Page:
The modern ‘square-edge’ look of the woodwork was seemingly a lot softer in these downstairs accommodation areas and even in the bathrooms, the tiles on the wall panels were broken up by a contrasting row of coloured tiles. All seemingly incidental to some people, but to me it was indicative of the effort that had gone into creating a virtual luxury extension of someone’s own home.
Clever too, I thought, was the use of the crew quarters the other side of the aft wall of the master stateroom, which served as a noise buffer for the engine room. Under way, despite the fact you had two massive 1015hp C18 Caterpillar diesels (through ZF gearboxes to ZF V-drives) thundering away – albeit housed inside a well insulated engine room – the noise level was quite acceptable when underway.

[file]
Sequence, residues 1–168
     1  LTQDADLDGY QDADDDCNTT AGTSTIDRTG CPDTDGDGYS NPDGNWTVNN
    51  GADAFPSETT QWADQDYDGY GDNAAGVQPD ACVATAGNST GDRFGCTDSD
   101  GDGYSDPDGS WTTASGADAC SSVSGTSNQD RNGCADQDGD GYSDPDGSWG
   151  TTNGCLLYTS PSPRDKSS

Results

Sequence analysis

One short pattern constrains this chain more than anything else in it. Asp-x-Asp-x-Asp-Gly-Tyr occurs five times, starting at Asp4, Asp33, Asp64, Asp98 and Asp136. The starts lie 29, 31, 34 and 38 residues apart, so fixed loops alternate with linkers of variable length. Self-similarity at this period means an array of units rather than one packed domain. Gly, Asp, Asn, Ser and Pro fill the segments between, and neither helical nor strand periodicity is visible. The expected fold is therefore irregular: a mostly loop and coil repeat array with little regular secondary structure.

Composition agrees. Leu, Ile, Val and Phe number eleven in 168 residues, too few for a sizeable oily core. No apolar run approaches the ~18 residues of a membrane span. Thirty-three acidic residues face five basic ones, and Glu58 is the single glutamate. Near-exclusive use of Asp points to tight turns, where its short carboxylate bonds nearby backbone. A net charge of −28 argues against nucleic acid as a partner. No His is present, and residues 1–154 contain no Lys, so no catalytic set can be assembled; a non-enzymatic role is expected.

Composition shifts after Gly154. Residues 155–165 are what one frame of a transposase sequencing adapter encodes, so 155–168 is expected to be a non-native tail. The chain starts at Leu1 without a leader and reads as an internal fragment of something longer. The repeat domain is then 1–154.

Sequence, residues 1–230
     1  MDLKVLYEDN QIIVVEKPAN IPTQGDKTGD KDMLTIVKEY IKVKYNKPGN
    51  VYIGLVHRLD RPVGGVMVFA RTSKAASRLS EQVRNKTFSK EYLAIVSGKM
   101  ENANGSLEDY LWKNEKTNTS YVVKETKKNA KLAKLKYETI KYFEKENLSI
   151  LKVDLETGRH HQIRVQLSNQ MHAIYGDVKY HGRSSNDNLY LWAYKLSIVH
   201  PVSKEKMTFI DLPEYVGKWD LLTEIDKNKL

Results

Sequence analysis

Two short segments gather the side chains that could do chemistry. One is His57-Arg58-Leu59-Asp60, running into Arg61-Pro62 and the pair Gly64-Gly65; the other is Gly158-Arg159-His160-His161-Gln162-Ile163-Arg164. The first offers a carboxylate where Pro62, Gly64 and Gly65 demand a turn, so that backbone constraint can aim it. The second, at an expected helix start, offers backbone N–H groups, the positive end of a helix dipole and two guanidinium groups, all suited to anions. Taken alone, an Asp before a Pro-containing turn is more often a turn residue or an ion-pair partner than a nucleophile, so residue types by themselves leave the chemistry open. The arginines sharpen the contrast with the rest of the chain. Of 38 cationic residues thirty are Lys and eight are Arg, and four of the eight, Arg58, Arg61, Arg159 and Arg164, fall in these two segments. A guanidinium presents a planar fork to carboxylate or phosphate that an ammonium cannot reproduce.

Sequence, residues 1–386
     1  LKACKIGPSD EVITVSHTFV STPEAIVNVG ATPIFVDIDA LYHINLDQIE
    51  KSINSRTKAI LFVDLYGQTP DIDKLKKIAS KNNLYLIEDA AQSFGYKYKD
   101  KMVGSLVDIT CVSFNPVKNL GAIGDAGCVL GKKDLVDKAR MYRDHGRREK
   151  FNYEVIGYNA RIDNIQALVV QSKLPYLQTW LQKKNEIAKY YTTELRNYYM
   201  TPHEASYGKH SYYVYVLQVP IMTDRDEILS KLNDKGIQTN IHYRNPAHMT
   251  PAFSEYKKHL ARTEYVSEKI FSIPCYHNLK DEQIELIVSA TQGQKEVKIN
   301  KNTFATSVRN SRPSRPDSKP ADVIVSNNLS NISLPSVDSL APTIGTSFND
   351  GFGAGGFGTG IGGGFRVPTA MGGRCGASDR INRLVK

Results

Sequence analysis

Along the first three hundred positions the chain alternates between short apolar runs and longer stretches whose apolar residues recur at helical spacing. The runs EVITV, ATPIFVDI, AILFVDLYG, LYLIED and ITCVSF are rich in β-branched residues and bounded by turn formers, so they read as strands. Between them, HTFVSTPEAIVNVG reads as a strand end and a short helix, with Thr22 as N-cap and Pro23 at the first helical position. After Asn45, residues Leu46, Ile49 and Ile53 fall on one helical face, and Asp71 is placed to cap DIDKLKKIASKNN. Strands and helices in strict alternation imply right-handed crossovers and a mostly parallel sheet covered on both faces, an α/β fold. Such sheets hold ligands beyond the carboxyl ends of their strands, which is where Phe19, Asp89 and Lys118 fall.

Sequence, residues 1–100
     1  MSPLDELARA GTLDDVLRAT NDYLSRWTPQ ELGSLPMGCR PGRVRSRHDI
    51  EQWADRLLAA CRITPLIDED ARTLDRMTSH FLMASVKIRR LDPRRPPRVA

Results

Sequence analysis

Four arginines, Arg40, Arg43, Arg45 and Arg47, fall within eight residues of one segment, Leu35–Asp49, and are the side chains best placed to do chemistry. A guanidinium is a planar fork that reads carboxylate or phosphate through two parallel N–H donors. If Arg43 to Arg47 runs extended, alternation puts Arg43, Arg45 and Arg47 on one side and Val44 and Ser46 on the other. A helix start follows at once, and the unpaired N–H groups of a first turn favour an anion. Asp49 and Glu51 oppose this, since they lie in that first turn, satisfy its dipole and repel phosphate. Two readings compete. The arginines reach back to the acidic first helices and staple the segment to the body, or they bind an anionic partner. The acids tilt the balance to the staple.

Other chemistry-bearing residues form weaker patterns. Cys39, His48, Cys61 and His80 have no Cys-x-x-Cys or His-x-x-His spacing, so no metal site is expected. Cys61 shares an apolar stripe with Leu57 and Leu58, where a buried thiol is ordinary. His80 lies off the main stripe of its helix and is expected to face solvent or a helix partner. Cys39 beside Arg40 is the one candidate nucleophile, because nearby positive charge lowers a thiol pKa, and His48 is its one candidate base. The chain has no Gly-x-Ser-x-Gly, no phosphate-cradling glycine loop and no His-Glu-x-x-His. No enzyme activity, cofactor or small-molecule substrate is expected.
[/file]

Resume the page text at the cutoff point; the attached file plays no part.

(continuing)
Mechanically in fact, the Aquabay 70 was a work of art, with peripheral equipment almost of overkill proportions. There was a 25kVA Onan Genset with an 11kVA back-up, 10 AGM 210Ah batteries for house and engines, Hynautic trim tabs, two Trace battery chargers and one Trace Inverter, 24.6kW of CruiseAir air-conditioning, a 95L/h Aquamiser watermaker, and Sealand Aquaflush macerator heads throughout. The engines, as already mentioned, were C18 Caterpillars, which probably indicative of the efficient hull shape, provided a top speed of 29 knots (at half ships) at the maximum 2300rpm. More importantly, it still boasted an efficient cruise speed of 25 knots and a return Sydney-Brisbane low-rev range at 10 knots. Handling also was in keeping with the rest of the vessel, good uphill and downhill, and stable both at rest and underway – no need for stabilizers on this boat!